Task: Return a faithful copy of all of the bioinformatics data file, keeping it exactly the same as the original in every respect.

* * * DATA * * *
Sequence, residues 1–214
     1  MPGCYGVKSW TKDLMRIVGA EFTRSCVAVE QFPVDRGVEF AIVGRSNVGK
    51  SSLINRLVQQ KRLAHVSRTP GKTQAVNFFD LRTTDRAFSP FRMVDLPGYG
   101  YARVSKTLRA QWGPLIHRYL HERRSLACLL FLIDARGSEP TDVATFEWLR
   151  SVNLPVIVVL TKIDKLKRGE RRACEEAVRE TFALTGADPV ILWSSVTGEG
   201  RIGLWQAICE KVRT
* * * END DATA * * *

Sequence, residues 1–214
     1  MPGCYGVKSW TKDLMRIVGA EFTRSCVAVE QFPVDRGVEF AIVGRSNVGK
    51  SSLINRLVQQ KRLAHVSRTP GKTQAVNFFD LRTTDRAFSP FRMVDLPGYG
   101  YARVSKTLRA QWGPLIHRYL HERRSLACLL FLIDARGSEP TDVATFEWLR
   151  SVNLPVIVVL TKIDKLKRGE RRACEEAVRE TFALTGADPV ILWSSVTGEG
   201  RIGLWQAICE KVRT